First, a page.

Sonya Ivic-Bernstein, student: “Restrained glee was reigning in our family. It did not seem good to be happy about someone’s death, but we couldn’t help rejoicing. I ran to the Institute with a feeling of a very positive event and met the boy I used to like. He replied to my smile with a frozen stare: “How can you smile on such a day?”, and mournfully turned away from me.
Yuri Afanasyev, student: “I suddenly heard someone swearing about Stalin. He was named by different filthy words. “Whiskered”, “bastard” etc. I was shocked. People were talking loudly so that others could hear! And nobody stopped them”.
Due to bad organization of the funeral there was a terrible crush in the center of Moscow, they simply did not expect so many people to come. The situation was especially bad on Trubnaya Square – hundreds or even thousands people died, much more – injured. They were trying to save themselves in backstreets, under trucks… When everything was over, piles of shoes and clothes remained on the Square.
As someone recollects: “Some time after the funeral my neighbor from the third floor named Kostya, who survived the war, came back from the hospital with his leg cut off to the knee. During the crush his leg got stuck in the well, he had an open fracture at the very knee-cap so his leg was amputated. He had many medals and orders for his deed during the war, but he said to me that the most outstanding reward for the victory was given to him by the leader post mortem”.
Many many people were squeezed between trucks, intended to regulate the event, and houses, they simply could not move while more and more potential victims were coming. That threat to be crushed to death in the crowd was more than real. People, especially women, were screaming with pain and fright.
Leonid Simanovsky, seven-grade student: “I managed to come off the crowd and save myself in the yard of a small house. It was so cold, I almost froze to death at night. In the morning, when the streets cleared away from the crowd, I went home, parents were so happy to see me alive, that even did not scold too much. But my friend Misha did not come home, he was later found in a morgue”.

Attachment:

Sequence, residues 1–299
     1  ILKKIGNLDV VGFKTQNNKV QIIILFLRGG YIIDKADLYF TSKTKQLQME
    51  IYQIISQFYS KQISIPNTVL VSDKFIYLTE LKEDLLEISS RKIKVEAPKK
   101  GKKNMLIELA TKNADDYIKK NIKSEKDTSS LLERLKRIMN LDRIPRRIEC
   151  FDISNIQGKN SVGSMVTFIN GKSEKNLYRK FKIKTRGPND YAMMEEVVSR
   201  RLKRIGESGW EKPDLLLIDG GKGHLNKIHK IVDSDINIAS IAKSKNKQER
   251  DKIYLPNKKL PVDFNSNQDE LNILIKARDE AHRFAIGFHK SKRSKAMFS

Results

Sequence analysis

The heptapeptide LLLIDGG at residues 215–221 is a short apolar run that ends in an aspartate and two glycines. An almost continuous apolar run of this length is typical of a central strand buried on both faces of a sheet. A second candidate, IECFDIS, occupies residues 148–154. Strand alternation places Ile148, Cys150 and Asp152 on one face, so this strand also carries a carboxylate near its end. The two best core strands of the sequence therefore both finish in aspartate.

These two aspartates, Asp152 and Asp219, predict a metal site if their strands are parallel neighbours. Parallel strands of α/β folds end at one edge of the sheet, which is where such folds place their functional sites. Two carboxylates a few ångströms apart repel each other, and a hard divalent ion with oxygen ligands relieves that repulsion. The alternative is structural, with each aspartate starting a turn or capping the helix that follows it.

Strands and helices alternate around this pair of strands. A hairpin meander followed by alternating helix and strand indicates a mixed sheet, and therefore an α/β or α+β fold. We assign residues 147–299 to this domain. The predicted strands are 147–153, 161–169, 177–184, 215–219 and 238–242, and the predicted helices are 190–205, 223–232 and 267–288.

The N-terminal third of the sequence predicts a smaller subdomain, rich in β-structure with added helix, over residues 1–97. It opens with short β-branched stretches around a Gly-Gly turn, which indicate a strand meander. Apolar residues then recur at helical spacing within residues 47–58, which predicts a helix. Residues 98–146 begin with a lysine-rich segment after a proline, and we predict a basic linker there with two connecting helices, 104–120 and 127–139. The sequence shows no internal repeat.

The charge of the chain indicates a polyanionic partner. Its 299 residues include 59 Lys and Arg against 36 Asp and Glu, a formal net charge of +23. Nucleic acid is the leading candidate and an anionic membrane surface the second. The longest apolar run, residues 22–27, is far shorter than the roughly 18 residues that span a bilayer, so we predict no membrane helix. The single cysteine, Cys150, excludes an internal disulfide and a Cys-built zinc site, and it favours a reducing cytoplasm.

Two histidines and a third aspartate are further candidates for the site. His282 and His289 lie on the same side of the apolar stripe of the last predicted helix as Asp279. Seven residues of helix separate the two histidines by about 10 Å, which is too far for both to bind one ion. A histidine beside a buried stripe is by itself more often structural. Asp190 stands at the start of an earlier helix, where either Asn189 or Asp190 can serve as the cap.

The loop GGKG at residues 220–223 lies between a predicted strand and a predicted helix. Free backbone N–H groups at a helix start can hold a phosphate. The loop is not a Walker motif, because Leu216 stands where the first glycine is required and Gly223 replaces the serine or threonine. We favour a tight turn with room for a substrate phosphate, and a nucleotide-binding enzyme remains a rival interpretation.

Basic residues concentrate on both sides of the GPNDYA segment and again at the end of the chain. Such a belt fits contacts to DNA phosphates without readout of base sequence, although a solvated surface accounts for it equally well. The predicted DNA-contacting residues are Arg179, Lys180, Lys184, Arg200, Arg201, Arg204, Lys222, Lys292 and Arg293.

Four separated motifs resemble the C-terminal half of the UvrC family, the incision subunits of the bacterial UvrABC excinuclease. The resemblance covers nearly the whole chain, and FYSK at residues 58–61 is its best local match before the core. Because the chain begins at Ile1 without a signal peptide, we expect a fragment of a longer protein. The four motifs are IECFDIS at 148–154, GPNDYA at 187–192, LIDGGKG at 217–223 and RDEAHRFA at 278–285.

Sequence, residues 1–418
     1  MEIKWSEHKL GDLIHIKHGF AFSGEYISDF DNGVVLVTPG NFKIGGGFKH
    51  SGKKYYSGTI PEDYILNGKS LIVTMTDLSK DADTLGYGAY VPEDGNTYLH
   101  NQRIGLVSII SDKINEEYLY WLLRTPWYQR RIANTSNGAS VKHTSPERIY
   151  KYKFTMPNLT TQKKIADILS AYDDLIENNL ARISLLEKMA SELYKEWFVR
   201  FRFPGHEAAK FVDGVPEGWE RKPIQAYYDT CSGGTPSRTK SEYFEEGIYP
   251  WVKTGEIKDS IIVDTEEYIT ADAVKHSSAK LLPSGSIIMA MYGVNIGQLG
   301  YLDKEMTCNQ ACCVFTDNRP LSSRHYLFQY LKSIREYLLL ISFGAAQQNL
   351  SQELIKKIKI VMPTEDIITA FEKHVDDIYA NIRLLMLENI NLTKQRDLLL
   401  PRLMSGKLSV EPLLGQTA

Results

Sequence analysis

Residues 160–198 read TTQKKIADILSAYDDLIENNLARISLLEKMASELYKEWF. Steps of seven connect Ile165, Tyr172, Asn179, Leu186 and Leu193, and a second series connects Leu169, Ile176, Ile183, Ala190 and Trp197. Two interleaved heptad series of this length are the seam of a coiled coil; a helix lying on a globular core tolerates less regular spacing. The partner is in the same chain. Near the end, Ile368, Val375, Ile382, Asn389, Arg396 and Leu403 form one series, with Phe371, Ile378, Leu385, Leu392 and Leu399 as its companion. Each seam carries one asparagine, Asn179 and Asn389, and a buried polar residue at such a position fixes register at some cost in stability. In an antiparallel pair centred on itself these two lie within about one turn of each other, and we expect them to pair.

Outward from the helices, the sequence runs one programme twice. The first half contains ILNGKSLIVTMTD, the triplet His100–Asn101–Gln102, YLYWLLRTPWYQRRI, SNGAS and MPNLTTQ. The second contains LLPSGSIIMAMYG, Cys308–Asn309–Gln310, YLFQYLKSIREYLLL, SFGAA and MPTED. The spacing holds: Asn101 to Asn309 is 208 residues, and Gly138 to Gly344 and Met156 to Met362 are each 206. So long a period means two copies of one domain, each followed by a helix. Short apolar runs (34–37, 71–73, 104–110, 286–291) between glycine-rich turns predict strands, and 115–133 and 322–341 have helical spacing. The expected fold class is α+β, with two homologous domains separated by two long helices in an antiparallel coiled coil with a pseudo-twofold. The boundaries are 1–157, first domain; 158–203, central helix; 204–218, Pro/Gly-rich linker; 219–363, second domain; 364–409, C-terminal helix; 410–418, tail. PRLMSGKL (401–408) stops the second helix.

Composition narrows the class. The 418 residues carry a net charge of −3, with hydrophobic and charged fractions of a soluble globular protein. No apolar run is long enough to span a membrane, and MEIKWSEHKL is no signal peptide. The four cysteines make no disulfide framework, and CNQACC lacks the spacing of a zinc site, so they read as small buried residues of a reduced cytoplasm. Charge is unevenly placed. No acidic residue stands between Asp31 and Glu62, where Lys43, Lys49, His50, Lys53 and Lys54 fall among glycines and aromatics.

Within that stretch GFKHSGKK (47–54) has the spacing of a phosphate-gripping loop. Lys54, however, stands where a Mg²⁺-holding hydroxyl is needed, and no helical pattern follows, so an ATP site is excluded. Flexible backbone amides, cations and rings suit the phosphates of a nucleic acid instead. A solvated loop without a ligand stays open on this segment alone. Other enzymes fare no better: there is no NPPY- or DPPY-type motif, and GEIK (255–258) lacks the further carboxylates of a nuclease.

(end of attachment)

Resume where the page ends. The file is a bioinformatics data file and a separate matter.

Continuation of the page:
Pavel Men, seven-grade student: “My brother Alik with friends went to see Stalin in the coffin out of curiosity. And when they reached Trubnaya Square they found themselves on the meat grinder. It was a nightmare! They ran to pompier ladders and climbed to the roofs… This is how they managed to leave that place and save themselves. It seemed the only way to survive. The ladder was hanging high, so they stood up on shoulders of each other to reach it”.
Those mothers who didn’t allow their children to go to the square that day, saved their kids’ lives.
After the funeral people discussed the terrific numbers of victims, but did it in whisper and only with close friends.
Grigory Rozenberg, preschooler, remembers his granddad, former political prisoner, exclaiming: “So bad.. So bad!..” and after a pause .. ” So bad it hadn’t happen thirty years ago!” He also remembers the icy cold look of his mother at granddad and how she ordered Grigory to leave the room”.
Days after the funeral students were talking about the successor: “It would probably be the one who says the elogy the first!” They were right, as that person was Beria.
Some of those who dared to criticize Stalin could get lost or be beaten by other people. At school or institute, for example. Many mysterious deaths happened soon after the leader died. He finally took thousands with him.